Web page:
So I finally yielded to the cacophany of voices telling me that The Borderlands is really good. "Is it a found-footage, though? Because I don't do found-footage any more, it's a long dead subgenre that had its very meagre bag of tricks emptied very quickly many years ago." "Well, yes, but it's a good one, trust me. Honest it is. This is the one that actually does something interesting and effective with the format and it's properly scary and everything the way it's supposed to be." "Really? Because I've been kicked in the nackers so many times with these things and I really don't want to go back in there again." "Seriously, it's fine. This is the one."
No it isn't. It's just more of the same, much more of the same faux-doc shakycam rubbish, murky security footage non-photography, no sense of who's supposedly edited it all together (or why they've spliced in time-lapse countryside shots that obviously weren't filmed by the "characters"). It is the absolute usual, save for the inexplicable casting of familiar faces which works against the idea of it being "real" because it's Gordon Kennedy out of Absolutely.
Sure it makes you jump a few times but that's not very difficult: it's the well-timed orchestration of spooky noises and the occasional loud bang. It has a fine location in its tiny, barely attended moorland church, either the site of paranormal activity or a clever fake involving hidden wires and speakers, and it certainly looks creepy when lit by a single bulb in the dead of night through the remorseless gaze of a static camera. But so would the biscuit aisle at your local Waitrose if the chocolate digestives suddenly fall off the shelves. And the final moments of the film do go where no other horror movie I can immediately think of have gone.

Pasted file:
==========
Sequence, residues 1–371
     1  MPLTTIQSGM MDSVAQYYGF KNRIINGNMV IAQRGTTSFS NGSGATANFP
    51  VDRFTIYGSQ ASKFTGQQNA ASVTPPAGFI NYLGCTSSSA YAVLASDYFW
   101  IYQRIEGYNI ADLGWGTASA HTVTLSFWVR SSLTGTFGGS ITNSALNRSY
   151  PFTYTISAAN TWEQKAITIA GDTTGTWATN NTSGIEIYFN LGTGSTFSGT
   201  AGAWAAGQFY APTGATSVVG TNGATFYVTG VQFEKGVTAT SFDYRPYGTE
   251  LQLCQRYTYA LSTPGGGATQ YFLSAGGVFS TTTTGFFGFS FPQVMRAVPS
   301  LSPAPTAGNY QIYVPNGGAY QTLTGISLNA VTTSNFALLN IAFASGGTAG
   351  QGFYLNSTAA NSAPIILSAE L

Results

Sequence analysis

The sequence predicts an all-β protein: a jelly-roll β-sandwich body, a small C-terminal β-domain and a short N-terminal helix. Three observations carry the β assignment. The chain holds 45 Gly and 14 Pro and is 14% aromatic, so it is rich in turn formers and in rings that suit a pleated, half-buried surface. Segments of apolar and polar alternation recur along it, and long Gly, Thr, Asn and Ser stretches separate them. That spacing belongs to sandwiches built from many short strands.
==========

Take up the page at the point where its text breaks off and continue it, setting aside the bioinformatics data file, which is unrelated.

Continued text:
My main annoyance, apart from the fact that I've been comprehensively suckered yet again, really stems from the fact that so much of The Borderlands could have been done as a straight horror film with proper cameras and a music score. Much of the screenplay, from the occasionally almost sitcom dialogue to the handy plot points like the discovery of the diary of the church's original minister, feels like it could have been shot in the regular manner, and frankly would have been so much more effective for it. If you want to go further: that "normal" version could actually have been an interesting project for Danny Dyer who would have easily fitted in as the tech specialist fitting all the cameras and microphones. There aren't many films that would have been improved by the inclusion of Danny Dyer but this is one of them. Made back in 2013 and also known as Final Prayer.